Despite international research showing companies with women in senior management perform better financially, the proportion of female managers in Canada is dropping. Just 25% of managers are women, down from 28% in 2011. While we’re still beating the global average of 21%, the fact that our stats are moving backwards bodes badly for the future.
Worse still, the country hasn’t made much progress in the past eight years from 2004, when the proportion was 22%.
One theory for why women at the top is so important says men are more prone to competition and risk-taking, whereas women are inclined towards collaboration, caution and long-term results. A study into investment funds showed that those run by men tended to be at the top and bottom of results and, while few women were top performers, none were at the bottom either.
So how can you attract and keep women in management roles? Experts say it’s all about one word: flexibility.
A third of professional women take a break from their careers at some point, and many find it hard to come back to the workforce after a gap. Reducing this “brain drain” could require allowing long maternity leave, unpaid sabbaticals and flex-hours when women do return to work.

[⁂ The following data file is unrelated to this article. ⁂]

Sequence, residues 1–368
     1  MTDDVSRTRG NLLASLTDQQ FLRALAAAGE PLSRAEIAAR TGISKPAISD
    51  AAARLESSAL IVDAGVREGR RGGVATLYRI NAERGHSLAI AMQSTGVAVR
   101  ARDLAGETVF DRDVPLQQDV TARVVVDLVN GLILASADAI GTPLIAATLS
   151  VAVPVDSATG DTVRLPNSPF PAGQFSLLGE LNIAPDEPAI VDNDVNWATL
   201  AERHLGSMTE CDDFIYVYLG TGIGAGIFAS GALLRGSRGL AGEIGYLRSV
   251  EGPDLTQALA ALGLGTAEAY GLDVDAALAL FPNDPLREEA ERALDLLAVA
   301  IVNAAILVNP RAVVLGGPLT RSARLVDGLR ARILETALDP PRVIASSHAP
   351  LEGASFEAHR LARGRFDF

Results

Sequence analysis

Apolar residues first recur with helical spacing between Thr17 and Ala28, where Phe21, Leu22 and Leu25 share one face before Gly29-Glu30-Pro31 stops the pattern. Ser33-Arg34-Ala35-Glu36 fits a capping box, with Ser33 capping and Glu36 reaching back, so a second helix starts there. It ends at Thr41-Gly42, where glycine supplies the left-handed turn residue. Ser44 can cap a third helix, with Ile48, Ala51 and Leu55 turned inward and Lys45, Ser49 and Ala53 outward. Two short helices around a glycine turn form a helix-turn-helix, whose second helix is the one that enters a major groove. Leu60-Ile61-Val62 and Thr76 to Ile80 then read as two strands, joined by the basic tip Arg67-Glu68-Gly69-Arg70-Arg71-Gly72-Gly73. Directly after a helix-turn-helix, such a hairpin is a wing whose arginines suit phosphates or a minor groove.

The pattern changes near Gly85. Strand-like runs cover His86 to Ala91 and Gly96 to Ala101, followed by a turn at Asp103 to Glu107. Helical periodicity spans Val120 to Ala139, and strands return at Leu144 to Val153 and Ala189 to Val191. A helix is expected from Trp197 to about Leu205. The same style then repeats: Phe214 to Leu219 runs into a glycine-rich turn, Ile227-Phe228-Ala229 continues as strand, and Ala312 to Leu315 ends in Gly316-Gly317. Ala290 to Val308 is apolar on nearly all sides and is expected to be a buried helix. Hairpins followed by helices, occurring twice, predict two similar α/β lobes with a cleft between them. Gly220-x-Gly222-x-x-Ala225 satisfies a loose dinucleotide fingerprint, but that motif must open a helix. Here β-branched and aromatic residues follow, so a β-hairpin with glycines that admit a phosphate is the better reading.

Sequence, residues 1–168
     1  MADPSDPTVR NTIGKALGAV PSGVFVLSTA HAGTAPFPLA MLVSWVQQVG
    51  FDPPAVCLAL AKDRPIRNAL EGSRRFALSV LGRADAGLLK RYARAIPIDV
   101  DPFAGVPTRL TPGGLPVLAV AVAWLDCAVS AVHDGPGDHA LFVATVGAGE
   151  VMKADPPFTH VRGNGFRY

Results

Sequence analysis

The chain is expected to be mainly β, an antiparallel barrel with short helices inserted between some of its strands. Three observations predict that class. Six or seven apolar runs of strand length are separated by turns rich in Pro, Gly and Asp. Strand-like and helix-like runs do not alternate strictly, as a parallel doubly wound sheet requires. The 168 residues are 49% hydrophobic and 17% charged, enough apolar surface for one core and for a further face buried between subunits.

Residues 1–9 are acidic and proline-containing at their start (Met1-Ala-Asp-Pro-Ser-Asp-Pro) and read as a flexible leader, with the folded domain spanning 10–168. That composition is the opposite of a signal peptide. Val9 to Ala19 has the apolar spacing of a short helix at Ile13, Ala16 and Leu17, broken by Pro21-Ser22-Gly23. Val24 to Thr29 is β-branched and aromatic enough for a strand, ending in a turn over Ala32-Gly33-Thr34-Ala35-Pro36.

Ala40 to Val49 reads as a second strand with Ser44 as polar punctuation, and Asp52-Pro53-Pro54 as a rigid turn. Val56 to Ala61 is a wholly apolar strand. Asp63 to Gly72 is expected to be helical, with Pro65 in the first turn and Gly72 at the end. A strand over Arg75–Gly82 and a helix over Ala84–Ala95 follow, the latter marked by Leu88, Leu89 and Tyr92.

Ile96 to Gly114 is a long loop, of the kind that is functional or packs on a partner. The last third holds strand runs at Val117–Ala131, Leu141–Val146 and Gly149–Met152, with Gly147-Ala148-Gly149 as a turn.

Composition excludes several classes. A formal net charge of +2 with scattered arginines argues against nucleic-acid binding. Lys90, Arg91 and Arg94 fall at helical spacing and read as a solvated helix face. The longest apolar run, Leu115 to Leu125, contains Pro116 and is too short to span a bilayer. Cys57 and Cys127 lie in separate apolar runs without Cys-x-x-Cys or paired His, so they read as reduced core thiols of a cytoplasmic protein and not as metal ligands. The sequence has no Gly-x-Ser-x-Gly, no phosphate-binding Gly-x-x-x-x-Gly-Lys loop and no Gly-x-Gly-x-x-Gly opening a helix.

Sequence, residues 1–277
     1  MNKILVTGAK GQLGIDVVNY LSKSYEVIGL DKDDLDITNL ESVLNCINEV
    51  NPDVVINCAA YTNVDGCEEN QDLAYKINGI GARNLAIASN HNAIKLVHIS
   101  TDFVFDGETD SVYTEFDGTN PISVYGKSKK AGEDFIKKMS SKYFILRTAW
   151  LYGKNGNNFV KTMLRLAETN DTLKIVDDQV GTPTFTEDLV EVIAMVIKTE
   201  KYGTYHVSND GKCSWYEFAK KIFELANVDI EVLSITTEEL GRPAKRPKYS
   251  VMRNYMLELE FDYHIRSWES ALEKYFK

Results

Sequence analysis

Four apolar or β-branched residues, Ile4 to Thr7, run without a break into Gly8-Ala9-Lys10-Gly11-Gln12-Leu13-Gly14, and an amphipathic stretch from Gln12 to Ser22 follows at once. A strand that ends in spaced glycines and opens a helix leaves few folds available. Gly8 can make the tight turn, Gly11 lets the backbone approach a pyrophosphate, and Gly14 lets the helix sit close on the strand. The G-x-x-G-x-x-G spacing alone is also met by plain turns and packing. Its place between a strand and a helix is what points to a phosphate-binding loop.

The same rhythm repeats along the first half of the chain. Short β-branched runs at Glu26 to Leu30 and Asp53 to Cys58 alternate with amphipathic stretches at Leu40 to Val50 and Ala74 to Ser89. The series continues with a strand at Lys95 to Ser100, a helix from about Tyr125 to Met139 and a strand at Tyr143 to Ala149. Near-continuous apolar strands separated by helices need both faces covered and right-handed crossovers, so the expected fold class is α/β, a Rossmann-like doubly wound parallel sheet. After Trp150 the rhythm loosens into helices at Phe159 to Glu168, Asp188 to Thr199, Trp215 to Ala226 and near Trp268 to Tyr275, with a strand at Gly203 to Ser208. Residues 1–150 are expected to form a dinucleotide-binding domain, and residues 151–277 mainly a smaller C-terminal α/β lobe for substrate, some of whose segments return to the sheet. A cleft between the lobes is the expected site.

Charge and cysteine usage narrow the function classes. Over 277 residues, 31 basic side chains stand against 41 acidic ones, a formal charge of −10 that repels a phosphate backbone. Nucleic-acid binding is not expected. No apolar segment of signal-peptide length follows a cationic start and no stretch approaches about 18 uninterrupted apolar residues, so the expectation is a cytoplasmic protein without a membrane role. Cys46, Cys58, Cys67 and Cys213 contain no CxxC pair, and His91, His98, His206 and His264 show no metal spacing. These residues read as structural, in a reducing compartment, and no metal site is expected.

In the past, working a 60 hour work week was considered a bragging point, and a reason for promotion. Now companies are realizing that allowing employees to set their own hours is good for productivity. In fact, when Best Buy loosened their work rules they found productivity increased by an average of 40%.
The empirical evidence would suggest then that it’s time to identify potential future female bosses and find ways to look after and keep them.
if you need any more convincing, remember that economists at Davos speculated last year that more women on Wall Street could actually have averted the GFC.
See also: Women execs good for business
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